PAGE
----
The character of the party which sponsored the Remonstrance was shown by the articles on religion. There was to be a national church teaching a uniform Confession of Faith, the terms of which were to be agreed upon by the Protector and the Parliament. Religious toleration was to extend to all who believed in the Trinity except papists and prelatists and those who published horrid blasphemies or held forth licentiousness or profaneness under the profession of Christ. Laws were to be passed against the Quakers. This was considerably less generous than the corresponding provisions of the Instrument of Government, nor was there a clause like that in the Instrument rendering void any act abridging religious freedom. Perhaps, however, the friends of liberty of conscience felt that the vetoes of the other House and the Protector would provide a better defense than a paper guarantee.

On March 24 and 25 the question of the title was debated. The chief officers of the Army — Lambert, Fleetwood, and Desborough — argued violently against kingship, but the civilian party easily carried the day. On March 31 the Humble Petition and Advice, as the Remonstrance was now called, was offered to Cromwell with the stipulation that he accept or reject it as a unit. He asked for time in which to seek divine guidance. There was widespread opposition among the officers and the soldiers of the Army to a restoration of kingship. Aside from all other considerations they must have felt that it would be an act of self-stultification to set up that which they had recently overthrown. The gathered churches petitioned Cromwell not to accept the title. On April 3 he answered to the Parliament, "I have not been able to find it my duty to God and you to undertake this charge under that title."

The House resolved not to accept this refusal and on April 8 a committee went to Cromwell to repeat the offer. Cromwell asked that the House explain the reasons why he should acquiesce. A committee was appointed for this purpose and several conferences were held with the Protector through the month of April. The members of the committee argued that "this nation hath ever been a lover of monarchy" and was entitled to a king. The laws of the land were inextricably interwoven with the title, and any other title introduced uncertainty and insecurity. A king was limited by the law, whereas there were no settled bounds to the power of a Protector. Cromwell replied that these reasons were forceful but not conclusive. He was reluctant to wound the godly people who disapproved of kingship and he himself felt awe at God's blasting of monarchy. He concluded the conferences by detailing points of the Petition and Advice which he believed in need of amendment.

The House busied itself with the proposed changes and on May 6 received word that the Protector would meet it on the following day. Cromwell had made up his mind to accept the crown and told Desborough as much. Desborbugh replied that he would then quit the Army. Lambert and Fleetwood had made the same resolution. These resignations would cause a cleavage which would extend down through all the ranks of the Army, and therefore Cromwell hesitated. In the meantime Colonel Pride, he of Pride's Purge, learned of Cromwell's decision from Desborough. He busied himself securing the signatures of officers to a petition asking Parliament not to press the Protector further. Cromwell deferred his meeting with Parliament for a day and on May 8 definitely declined the title of king.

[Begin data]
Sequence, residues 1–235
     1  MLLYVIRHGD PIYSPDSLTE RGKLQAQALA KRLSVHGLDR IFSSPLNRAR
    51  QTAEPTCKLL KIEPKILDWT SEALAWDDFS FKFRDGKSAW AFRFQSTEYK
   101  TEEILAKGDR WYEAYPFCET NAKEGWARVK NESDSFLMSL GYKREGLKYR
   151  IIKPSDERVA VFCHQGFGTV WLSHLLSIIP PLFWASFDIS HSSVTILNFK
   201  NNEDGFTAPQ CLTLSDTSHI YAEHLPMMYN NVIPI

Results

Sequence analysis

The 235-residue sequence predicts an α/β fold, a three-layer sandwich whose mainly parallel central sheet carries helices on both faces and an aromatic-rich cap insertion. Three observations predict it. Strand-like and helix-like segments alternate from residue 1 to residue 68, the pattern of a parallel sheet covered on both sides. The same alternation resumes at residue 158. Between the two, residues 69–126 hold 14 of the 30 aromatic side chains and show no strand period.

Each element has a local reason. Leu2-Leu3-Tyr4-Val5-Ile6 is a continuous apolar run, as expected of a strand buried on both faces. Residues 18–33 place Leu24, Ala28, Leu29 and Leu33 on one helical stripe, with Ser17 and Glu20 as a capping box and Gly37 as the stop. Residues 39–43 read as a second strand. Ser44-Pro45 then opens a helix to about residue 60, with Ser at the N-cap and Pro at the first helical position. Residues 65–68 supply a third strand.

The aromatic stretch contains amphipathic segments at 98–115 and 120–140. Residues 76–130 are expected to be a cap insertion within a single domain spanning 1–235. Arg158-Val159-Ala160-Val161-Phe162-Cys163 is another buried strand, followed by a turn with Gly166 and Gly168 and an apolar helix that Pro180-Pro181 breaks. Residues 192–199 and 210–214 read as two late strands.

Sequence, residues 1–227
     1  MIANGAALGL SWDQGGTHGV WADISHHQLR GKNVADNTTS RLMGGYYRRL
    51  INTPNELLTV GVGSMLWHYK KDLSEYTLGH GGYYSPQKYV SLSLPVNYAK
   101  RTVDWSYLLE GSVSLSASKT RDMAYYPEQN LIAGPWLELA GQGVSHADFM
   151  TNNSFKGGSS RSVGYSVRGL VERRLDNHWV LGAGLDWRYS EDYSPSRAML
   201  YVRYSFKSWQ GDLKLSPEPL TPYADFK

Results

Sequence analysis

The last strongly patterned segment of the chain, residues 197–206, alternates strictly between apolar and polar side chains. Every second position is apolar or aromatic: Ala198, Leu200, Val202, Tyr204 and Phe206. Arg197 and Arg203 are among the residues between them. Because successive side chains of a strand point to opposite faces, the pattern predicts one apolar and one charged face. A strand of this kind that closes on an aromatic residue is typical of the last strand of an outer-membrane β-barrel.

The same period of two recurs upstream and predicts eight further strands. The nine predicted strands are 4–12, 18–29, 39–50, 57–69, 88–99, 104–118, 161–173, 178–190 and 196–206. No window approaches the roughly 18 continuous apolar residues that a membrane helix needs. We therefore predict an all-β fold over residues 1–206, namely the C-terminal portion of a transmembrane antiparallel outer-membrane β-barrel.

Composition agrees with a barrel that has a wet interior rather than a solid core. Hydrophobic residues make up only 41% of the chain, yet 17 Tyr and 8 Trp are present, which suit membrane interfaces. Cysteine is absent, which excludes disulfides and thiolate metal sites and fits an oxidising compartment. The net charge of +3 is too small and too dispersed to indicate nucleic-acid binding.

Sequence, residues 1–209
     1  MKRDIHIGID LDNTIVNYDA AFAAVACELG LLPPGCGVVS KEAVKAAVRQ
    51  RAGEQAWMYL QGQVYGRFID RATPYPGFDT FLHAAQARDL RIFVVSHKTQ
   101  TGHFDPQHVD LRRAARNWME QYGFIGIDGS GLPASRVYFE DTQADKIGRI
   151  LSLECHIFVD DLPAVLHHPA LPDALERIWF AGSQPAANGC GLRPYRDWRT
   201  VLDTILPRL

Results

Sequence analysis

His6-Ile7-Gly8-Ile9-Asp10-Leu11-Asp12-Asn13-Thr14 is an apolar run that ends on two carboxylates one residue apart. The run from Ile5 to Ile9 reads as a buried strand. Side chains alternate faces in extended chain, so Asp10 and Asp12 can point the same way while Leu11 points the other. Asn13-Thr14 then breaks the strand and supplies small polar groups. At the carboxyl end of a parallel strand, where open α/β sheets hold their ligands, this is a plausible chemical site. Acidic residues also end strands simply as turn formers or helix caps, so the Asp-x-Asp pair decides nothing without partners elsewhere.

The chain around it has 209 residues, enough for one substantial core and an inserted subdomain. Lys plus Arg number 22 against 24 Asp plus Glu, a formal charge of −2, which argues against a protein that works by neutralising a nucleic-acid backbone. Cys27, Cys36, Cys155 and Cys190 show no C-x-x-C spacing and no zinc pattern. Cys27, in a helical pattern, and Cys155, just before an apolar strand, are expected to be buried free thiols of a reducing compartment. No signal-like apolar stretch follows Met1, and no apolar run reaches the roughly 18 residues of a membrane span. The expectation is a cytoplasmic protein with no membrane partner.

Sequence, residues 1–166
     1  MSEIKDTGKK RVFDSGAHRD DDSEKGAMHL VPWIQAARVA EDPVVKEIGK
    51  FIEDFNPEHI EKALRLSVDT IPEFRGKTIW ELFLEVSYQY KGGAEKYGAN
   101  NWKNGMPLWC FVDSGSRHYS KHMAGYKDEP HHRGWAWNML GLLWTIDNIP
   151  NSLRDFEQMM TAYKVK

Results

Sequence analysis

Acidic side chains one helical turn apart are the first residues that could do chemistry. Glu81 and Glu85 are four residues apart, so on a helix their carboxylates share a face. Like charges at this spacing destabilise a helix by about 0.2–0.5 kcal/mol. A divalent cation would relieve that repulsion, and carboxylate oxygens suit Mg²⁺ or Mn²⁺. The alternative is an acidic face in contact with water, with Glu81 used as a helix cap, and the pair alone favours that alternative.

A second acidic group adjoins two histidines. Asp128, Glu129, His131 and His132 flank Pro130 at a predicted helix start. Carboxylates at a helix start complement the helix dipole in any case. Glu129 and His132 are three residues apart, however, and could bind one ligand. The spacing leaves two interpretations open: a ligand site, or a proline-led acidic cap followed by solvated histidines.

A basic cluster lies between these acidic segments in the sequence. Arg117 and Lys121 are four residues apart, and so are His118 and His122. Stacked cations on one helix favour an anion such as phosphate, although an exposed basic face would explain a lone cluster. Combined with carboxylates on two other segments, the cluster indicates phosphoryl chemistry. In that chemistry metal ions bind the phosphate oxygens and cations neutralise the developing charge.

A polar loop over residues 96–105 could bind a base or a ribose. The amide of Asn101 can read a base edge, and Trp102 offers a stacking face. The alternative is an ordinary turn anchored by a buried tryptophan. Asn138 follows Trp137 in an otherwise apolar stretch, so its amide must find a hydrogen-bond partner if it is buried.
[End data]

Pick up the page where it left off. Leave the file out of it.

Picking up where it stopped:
Now the officers took the initiative in pushing forward the Petition and Advice. Many of the advocates of kingship opposed the adoption of the constitution without that feature. Nevertheless the Army party carried the day; the title of Protector was adopted, and on May 25 Cromwell accepted the Petition and Advice. On June 26 a "Humble Additional and Explanatory Petition and Advice" was accepted by the Protector. This measure clarified some of the points about which Cromwell had raised questions during the conferences and conferred upon him the important power of choosing the original members of the other House without the approval of the Commons. On the same day the House adjourned itself until the twentieth of January following.

At the end of 1657 Cromwell selected his other House and summoned the members to meet as a House of Parliament on January 20, 1658. He addressed the two Houses on that day, and was followed by Nathaniel Fiennes, one of the commissioners of the Great Seal. Fiennes praised the new constitution in the language ordinarily used of mixed monarchy.4

This constitution of a chief magistrate, and two Houses of Parliament, is not a pageantry, but a real and well-measured advantage to itself and to the commonwealth, and so consonant to reason, that it is the very emblem and idea of reason itself, which reasoneth and discourseth by a medium between two extremes. If there be two extremes, and the one vary from the other; how shall they be reconciled, if there be no medium to bring them together? ... If some hazard must be run in popular elections, to preserve the people's freedoms; may there not be some help therein, by the election of a chief magistrate, that it turn not at any time to its own prejudice? If anything inconvenient should chance to slip out at one door, must it not pass two more, before it come abroad, to the detriment of the people? How exact, and of how great respect and authority will be all your acts, laws, and resolutions, whenas after they have passed the examination of that great body, which sees with the eyes of the three nations, and is acquainted with the condition, and sensible of the necessities of every individual part thereof, they shall then pass a second scrutiny, and be published and refined by such as, during life, shall make it their business either to fit themselves for, or to be exercised in, things of that nature; ... and whenas, after all this, they must pass also the judgment and assent of the chief magistrate, who is placed on high, as upon a watchtower, from whence he may behold at one view and discover the state of the whole body politic, and every part thereof; and see not only near at hand, but also afar off, how it standeth in relation to foreign states, as well as to its own parts within itself.